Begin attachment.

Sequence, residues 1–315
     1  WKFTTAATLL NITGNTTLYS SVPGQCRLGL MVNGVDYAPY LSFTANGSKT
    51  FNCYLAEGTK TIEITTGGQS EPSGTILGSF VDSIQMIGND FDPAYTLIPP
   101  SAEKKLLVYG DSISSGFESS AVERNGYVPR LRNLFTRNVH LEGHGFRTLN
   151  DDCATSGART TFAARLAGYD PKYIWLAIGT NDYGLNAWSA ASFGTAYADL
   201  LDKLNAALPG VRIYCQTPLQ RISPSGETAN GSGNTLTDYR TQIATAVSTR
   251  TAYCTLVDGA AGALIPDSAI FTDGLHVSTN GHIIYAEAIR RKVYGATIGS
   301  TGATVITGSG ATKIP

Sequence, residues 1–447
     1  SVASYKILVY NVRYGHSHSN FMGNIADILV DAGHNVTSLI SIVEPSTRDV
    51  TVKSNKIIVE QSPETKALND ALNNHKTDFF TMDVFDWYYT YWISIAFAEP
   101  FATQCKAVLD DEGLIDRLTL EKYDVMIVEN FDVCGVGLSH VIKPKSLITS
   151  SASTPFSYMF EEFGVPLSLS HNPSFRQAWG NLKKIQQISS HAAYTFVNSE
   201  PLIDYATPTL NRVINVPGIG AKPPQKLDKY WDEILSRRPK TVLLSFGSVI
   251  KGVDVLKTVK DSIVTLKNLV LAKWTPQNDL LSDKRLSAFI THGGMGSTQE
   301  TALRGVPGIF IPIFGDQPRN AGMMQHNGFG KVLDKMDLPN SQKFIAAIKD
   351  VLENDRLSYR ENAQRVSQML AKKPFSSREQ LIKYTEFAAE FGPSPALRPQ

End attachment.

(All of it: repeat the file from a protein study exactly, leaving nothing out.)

Sequence, residues 1–315
     1  WKFTTAATLL NITGNTTLYS SVPGQCRLGL MVNGVDYAPY LSFTANGSKT
    51  FNCYLAEGTK TIEITTGGQS EPSGTILGSF VDSIQMIGND FDPAYTLIPP
   101  SAEKKLLVYG DSISSGFESS AVERNGYVPR LRNLFTRNVH LEGHGFRTLN
   151  DDCATSGART TFAARLAGYD PKYIWLAIGT NDYGLNAWSA ASFGTAYADL
   201  LDKLNAALPG VRIYCQTPLQ RISPSGETAN GSGNTLTDYR TQIATAVSTR
   251  TAYCTLVDGA AGALIPDSAI FTDGLHVSTN GHIIYAEAIR RKVYGATIGS
   301  TGATVITGSG ATKIP

Sequence, residues 1–447
     1  SVASYKILVY NVRYGHSHSN FMGNIADILV DAGHNVTSLI SIVEPSTRDV
    51  TVKSNKIIVE QSPETKALND ALNNHKTDFF TMDVFDWYYT YWISIAFAEP
   101  FATQCKAVLD DEGLIDRLTL EKYDVMIVEN FDVCGVGLSH VIKPKSLITS
   151  SASTPFSYMF EEFGVPLSLS HNPSFRQAWG NLKKIQQISS HAAYTFVNSE
   201  PLIDYATPTL NRVINVPGIG AKPPQKLDKY WDEILSRRPK TVLLSFGSVI
   251  KGVDVLKTVK DSIVTLKNLV LAKWTPQNDL LSDKRLSAFI THGGMGSTQE
   301  TALRGVPGIF IPIFGDQPRN AGMMQHNGFG KVLDKMDLPN SQKFIAAIKD
   351  VLENDRLSYR ENAQRVSQML AKKPFSSREQ LIKYTEFAAE FGPSPALRPQ